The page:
The Acer Stream retail package is one well stuffed Christmas stocking. The supplied charger has a changeable plug. There’s only one suited for the relevant market, but if you buy other plugs you won’t need travel adapters. The box also contains the usual one-piece headset, a data cable and manuals.
We’re delighted to find some valuable goodies inside too: an 8GB microSD card with an SD adapter (which combined with the 2GB built-in memory makes for 10GB, not bad), and a microHDMI cable for pairing your Acer Stream to an HDTV. This is more than welcome since these are much rarer than regular HDMI cables.
And last but not least, there’s a carrying case in the box as well. It’s not leather or anything fancy, but it will still do a good job of protecting the screen and camera lens.
Here's an unboxing video we did recently:
The overall shape of the Acer Stream is just how we like it – big high-res touchscreen (3.7”, WVGA) and slender frame. Measuring in at 119.5 x 63 x 11.2 mm it’s about as big as the other 3.7” Snapdroids out there.
At 140 grams of weight, it’s not the lightest around but part of that weigh comes from the stylish metal frame around the display. Anyway, the Stream is pretty standard fare when it comes to big touchscreen phones and portability isn’t an issue.
Like all touch phones, the Acer Stream is designed around the screen. There’s a metal edge running around the display’s covering glass. It’s not much but it does improve the feel of the phone.
But there’s more to it than pure looks. The display glass holds the standard four Android keys: the Home key is an actual button, the other three are capacitive. The metal frame in turn is where the multimedia keys are placed.
The multimedia keys are at the very bottom of the phone, so they’re not too comfortable to use when holding the phone upright. But when you turn the phone landscape everything clicks into place. They are much more comfortable to use with your thumb, even when you’re holding the phone in one hand.
In landscape mode, the Acer Stream makes a pretty credible multimedia player. And a good multimedia player needs a good screen – the Stream boasts a 3.7” AMOLED capacitive touchscreen at 480 x 800 pixels.
The AMOLED screen has some issues though. It’s dim even at the brightest setting and the contrast is disappointing. Images appear washed out – certainly not as vivid as you’d expect on an AMOLED screen.
Unsurprisingly, under direct sunlight the display becomes near illegible. This is a common AMOLED flaw, made worse here by the low screen brightness in this particular case.
The sensitivity of the touchscreen is generally good, though we suspect the software is not very well tuned. The screen can register very light taps, but it takes quite long swipes to detect the gesture – and the custom Acer UI uses thumb sweeps a lot.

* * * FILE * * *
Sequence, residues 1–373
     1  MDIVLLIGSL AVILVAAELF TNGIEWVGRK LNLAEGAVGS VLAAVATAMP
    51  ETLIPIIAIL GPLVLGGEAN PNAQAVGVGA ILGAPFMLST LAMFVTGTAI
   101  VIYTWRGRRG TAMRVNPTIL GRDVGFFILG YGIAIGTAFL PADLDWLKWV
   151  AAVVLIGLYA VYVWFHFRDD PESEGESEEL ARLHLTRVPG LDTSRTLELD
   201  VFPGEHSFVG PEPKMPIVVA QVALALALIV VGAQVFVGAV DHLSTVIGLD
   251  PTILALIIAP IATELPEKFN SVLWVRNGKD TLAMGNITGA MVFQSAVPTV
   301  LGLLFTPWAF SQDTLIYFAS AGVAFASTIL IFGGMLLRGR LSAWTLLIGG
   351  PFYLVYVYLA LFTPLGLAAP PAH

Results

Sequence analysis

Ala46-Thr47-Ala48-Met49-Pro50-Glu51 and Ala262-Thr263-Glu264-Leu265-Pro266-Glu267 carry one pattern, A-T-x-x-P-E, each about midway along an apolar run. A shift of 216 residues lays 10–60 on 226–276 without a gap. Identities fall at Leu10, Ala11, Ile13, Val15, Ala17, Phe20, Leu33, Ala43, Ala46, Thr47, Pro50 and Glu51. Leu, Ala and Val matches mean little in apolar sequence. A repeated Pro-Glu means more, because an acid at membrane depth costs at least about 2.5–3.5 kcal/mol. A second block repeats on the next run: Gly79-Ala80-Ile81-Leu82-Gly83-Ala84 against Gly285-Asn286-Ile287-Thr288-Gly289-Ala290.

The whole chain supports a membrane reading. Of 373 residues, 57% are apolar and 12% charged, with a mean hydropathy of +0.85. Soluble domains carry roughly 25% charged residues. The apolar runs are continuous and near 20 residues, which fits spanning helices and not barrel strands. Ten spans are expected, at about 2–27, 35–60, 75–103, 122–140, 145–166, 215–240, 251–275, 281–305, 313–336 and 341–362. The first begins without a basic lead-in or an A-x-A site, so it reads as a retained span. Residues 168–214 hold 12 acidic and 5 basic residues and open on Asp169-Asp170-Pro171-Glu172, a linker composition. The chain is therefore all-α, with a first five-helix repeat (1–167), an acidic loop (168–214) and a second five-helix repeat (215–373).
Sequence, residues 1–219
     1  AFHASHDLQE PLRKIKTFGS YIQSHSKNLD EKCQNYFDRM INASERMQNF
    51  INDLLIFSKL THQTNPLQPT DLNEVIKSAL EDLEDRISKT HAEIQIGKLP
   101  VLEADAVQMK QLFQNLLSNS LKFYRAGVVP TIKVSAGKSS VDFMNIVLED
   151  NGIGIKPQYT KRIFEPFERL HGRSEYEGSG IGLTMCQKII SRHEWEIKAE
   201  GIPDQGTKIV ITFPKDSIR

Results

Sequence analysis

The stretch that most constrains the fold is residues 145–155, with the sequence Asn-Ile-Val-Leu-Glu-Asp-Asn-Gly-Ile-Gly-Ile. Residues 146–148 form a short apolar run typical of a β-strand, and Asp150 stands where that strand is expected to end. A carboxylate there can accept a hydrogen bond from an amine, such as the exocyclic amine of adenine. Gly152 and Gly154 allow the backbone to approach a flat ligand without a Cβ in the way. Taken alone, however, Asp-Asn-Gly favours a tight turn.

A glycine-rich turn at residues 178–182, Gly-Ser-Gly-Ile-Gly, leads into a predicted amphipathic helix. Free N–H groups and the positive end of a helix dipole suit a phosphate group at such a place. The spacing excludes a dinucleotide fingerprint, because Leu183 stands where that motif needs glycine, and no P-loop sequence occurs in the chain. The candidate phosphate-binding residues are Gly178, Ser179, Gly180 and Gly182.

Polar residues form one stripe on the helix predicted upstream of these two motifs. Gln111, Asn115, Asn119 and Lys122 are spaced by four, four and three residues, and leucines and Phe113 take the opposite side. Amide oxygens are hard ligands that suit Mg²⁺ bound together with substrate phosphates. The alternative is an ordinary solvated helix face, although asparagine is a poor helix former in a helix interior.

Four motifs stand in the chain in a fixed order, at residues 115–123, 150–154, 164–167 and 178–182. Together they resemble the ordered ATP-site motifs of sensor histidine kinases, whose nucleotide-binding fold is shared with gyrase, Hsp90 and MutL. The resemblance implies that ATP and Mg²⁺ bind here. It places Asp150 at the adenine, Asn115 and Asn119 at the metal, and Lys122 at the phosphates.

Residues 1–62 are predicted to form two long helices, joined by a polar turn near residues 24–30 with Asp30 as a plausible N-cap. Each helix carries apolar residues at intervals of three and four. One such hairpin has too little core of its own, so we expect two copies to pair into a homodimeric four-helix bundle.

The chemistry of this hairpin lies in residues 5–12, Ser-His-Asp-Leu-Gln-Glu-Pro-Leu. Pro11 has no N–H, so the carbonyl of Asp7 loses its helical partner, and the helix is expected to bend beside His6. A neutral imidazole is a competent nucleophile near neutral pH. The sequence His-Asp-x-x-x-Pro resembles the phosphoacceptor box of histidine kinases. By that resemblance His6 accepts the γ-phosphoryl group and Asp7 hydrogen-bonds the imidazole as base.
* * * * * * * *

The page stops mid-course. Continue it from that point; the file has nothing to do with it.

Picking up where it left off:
Below the screen are the four standard Android keys. The Home key is physical and easy to find by touch. It’s flush with the screen glass but it’s nice and solid to press. The other three keys are capacitive and give haptic feedback (actually, the Home key is haptic enabled as well). The Home key acts as a notification light too, pulsing in white to alert of new system events.
Below the Android controls are the three media keys. Nothing surprising here – a play/pause button in the center, skip keys at the sides. As we said earlier, they are not comfortable to use when holding the phone vertically (say, changing the currently playing track, but they’re pretty good for watching landscape videos).
While we’re on the topic of keys, let’s discuss the controls on the sides of the Acer Stream. There’s the power/hold key, the volume rocker on the left and the shutter key on the right. They are all thin knobs – quite thin really.
That’s OK for the power/hold key, it should not take accidental presses. But having a shutter key that’s barely bigger than the hold key is no good – especially when you need to half-press it to lock focus.
The right side of the phone also features the microUSB and micro HDMI ports. They are covered by a single plastic flap. The micro HDMI port looks a lot like the microUSB port and it’s just as easy to plug the cable in. The supplied cable is micro HDMI on one end and the other is the more popular regular HDMI. The port can output photos and videos at up to 720p resolution to a HDTV.
The top of the Stream only hosts the 3.5mm audio jack. The bottom is sparsely populated too – there’s just the mouthpiece.
The back of the handset features the 5 megapixel camera lens and the loudspeaker grill. Right next to the camera, there’s a secondary microphone for video recording. There’s only one loudspeaker.
The camera lens is unprotected, so the carrying case comes in handy if you want to prevent scratches.
The microSD card slot is under the rear cover, but you need to remove the battery itself to access it. The battery is a 1400mAh unit, which is said to keep the phone going for 400 hours of standby or up to 5 hours of talk time.
The build quality of the Acer Stream is great and the metal frame makes it seem even sturdier. It’s also very good at hiding fingerprints, as is the matte plastic on the back.
While we don’t have any issues with the build quality, we question some of the design decisions. Not being able to hot-swap the microSD card is one thing, the uncomfortable shutter key is very disappointing too. The media keys make sense in landscape mode but design-wise they make the front panel somewhat too overcrowded.
Other than that, the Acer Stream is very well made and looks quite attractive without being too flashy. It feels comfortable both in the hand and in the pocket.